Perhaps my language in the rant above was a little over the top, but it’s because I think most people do not think for even a minute before splattering the Internet with their children’s photos, names, ages, and habits. I think they should — at the very least — pause before clicking “share”.

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Update and Counterpoint - June 30, 2013
The rant above hurt and annoyed friends and acquaintances, and also caused several people to write emails (fair and foul) in response. Below I publish the most thoughtful response, from a good, old friend of mine. Like me, he is a foreign naitonal d’un certain âge who lives in Beijing with a wife and young kids .

For the record, I repeat and clarify that I think you people, including all my friends and relatives, who splatter photos of your kids on Facebook and other social media websites are completely nuts, but below you can read the most eloquent defence of such practices that I have so far received.

Counterpoint

Hi Jeremy, interesting post - no offense taken, of course, but you might consider posting this as an anonymous counterpoint to your post:

I can see where you’re coming from with the privacy concerns, but I must say I personally feel rather jaded about the general uproar over all of this in the news.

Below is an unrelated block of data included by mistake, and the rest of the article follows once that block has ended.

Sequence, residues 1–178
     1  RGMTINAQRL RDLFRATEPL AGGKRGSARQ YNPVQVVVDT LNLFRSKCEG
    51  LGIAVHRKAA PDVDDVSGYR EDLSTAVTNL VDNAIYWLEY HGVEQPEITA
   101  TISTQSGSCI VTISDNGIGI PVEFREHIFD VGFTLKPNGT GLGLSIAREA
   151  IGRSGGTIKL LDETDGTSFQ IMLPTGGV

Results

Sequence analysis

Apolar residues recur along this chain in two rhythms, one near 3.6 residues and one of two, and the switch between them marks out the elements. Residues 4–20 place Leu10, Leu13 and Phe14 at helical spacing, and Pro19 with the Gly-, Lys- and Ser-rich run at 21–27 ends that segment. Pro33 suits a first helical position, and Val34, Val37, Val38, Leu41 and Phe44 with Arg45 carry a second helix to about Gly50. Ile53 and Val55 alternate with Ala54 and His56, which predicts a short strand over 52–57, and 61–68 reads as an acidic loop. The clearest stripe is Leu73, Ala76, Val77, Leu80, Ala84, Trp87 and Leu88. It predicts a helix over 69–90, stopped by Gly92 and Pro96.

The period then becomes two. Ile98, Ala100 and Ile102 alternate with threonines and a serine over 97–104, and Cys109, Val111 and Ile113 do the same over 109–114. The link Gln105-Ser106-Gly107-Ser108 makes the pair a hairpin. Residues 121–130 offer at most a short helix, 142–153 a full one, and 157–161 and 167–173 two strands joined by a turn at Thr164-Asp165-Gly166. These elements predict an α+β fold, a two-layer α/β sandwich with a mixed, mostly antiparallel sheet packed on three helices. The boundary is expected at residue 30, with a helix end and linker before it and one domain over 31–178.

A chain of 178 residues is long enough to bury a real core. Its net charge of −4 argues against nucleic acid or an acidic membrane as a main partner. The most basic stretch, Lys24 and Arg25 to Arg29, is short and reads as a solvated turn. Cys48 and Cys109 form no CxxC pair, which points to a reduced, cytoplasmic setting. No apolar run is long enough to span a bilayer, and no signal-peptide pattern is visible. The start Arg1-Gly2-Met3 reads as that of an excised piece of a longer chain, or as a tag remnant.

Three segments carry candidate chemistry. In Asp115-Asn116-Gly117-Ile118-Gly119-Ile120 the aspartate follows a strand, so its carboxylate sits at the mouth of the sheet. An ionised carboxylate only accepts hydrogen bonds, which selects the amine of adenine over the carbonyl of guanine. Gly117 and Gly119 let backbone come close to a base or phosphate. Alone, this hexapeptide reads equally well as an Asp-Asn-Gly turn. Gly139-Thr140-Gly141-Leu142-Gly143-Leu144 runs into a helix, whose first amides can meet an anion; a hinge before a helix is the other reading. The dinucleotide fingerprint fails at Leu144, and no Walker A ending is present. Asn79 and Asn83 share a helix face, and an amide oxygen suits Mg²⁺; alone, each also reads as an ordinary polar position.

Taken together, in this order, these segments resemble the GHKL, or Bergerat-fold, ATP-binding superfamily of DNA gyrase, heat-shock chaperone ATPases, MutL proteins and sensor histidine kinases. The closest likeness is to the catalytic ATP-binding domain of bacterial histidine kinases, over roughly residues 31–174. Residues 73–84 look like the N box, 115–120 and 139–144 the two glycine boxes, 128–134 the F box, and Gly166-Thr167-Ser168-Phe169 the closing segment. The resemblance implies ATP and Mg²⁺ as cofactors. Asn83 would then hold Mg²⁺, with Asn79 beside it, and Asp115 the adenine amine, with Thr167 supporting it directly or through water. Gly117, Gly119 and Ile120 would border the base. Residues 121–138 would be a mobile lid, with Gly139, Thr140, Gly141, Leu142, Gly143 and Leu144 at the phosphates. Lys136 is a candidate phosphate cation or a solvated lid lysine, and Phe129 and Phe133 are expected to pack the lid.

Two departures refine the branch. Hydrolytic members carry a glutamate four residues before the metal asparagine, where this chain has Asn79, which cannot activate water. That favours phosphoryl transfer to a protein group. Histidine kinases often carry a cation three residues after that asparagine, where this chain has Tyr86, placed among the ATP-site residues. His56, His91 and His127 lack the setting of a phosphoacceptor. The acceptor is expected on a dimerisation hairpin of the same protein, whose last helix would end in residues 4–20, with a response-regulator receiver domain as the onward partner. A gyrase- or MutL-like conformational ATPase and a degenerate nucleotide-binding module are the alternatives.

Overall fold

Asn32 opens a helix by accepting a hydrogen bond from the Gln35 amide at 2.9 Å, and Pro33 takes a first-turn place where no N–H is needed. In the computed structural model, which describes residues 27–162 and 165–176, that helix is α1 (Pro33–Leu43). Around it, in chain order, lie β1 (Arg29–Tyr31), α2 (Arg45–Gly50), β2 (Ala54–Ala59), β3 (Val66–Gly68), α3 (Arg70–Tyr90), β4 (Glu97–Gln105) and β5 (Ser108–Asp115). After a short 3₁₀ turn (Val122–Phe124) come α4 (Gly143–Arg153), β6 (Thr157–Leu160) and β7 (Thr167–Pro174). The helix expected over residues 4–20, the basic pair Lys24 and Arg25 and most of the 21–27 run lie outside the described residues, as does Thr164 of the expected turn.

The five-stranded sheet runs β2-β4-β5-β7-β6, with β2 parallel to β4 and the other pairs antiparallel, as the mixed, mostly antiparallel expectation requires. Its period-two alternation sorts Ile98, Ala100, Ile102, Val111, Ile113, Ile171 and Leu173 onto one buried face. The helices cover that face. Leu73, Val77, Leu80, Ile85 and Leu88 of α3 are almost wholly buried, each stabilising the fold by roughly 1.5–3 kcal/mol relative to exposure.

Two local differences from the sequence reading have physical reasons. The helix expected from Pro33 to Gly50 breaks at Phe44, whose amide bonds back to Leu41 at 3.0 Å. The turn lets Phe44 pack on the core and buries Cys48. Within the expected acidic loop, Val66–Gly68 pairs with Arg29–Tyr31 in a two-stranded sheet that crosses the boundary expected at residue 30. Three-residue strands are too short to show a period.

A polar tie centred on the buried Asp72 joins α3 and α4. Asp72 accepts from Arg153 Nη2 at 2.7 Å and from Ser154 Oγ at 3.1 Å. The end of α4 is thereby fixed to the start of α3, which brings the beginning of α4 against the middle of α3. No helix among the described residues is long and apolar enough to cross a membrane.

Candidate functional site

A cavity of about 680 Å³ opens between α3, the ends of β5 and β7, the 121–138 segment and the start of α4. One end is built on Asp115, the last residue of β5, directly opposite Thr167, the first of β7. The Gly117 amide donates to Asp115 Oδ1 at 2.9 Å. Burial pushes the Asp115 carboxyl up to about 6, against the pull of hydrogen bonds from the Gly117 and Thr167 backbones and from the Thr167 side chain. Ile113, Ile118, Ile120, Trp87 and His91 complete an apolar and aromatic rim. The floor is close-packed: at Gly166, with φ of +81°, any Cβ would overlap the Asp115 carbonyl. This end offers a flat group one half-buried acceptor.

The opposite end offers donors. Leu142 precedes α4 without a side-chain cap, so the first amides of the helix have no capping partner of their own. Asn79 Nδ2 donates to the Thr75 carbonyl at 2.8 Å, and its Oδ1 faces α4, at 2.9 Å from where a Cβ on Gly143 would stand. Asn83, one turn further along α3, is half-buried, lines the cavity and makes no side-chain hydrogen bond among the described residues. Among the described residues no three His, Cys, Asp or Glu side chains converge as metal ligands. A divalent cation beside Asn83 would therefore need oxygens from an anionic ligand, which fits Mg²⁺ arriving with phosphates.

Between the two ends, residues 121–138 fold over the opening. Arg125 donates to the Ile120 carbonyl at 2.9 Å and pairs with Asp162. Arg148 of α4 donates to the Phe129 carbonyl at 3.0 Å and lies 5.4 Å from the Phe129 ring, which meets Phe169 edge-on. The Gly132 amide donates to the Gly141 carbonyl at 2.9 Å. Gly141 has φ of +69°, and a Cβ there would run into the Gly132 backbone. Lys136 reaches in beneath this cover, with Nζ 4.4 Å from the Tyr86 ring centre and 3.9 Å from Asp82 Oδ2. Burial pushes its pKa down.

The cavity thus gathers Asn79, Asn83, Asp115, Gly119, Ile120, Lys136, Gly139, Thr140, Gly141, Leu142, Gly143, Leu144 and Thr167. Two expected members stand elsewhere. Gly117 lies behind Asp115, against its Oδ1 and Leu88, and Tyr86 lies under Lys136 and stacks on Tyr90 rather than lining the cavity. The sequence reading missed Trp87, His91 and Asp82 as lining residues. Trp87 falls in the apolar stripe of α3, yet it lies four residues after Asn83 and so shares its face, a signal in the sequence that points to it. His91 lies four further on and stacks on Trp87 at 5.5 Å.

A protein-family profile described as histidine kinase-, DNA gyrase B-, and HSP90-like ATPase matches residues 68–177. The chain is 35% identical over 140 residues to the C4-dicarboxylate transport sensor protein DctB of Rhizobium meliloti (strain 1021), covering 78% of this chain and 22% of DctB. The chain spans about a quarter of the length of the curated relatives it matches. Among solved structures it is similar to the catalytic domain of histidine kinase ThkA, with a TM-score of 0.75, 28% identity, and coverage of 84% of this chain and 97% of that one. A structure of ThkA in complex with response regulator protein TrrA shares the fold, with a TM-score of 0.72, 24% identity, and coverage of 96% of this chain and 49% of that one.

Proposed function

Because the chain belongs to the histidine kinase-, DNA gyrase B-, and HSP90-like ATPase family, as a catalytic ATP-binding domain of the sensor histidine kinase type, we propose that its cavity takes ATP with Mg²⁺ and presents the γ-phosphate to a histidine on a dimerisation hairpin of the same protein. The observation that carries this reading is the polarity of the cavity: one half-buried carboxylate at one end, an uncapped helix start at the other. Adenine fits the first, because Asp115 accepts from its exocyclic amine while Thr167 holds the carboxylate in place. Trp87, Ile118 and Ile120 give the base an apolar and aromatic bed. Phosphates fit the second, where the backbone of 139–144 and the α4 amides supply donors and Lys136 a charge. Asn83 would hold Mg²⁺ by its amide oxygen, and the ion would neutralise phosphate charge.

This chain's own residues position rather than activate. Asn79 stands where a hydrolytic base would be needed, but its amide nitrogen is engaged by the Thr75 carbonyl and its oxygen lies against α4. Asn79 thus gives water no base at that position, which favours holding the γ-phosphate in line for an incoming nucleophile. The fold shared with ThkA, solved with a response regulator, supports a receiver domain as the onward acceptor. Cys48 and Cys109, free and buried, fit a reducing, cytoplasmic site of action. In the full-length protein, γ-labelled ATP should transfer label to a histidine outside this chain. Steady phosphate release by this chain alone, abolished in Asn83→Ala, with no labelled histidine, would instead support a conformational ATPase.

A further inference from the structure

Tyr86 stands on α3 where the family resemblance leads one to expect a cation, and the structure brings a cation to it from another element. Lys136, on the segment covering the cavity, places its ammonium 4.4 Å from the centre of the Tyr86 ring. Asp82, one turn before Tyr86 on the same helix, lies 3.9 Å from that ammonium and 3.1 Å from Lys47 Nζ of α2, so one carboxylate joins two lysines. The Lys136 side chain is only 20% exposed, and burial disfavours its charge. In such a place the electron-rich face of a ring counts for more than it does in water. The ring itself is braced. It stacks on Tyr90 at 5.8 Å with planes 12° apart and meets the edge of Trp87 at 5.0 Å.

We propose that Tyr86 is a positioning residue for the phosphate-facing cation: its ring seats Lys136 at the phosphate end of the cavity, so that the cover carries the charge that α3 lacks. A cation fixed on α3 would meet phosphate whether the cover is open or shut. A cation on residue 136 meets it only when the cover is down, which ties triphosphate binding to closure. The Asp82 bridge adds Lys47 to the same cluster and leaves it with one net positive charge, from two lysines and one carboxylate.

I’m quite sure Mark Zuckerberg was a smarmy, cocky asshole as an upstart - it seems very likely that he still is - but from the time we started receiving telemarketing calls for insurance (even before our first child was born) and the fact that we live in the world’s number surveillance state, I’ve never been under the false presumption that any of our lives are “off the record” from the government or the corporations pulling their strings (and vice versa).

As an American I think my countrymen have been rather naive to presume the US govt would do no less of the same.

Call me cynical but i think that simply bringing our children into this rather nasty world has placed them at great risk and I’m not sure that a few family themed albums on Facebook outweighs any of the other horrible things (the air, this society, etc) we expose them to each day.

I have always considered Facebook my most “personal” social network - a place to share day-to-day experiences with family and friends. I don’t relish the idea that the NSA and Mark Zuckerberg are spying in either, but if they are then let it be known that I have two lovely kids and I live in Beijing and my family means more to me than anything else. (The IRS is already pretty familiar with this).

Reading your post will indeed make me think twice about who I will allow access to my albums in the future, but I quite like the fact my facebook friends and relatives can see my kids grow up from afar and that every year I have a public place to memorialize my late parents.

I think what is bugging me the most about this discussion is the sentiment that seeing photos of “other people’s kids” is “annoying.”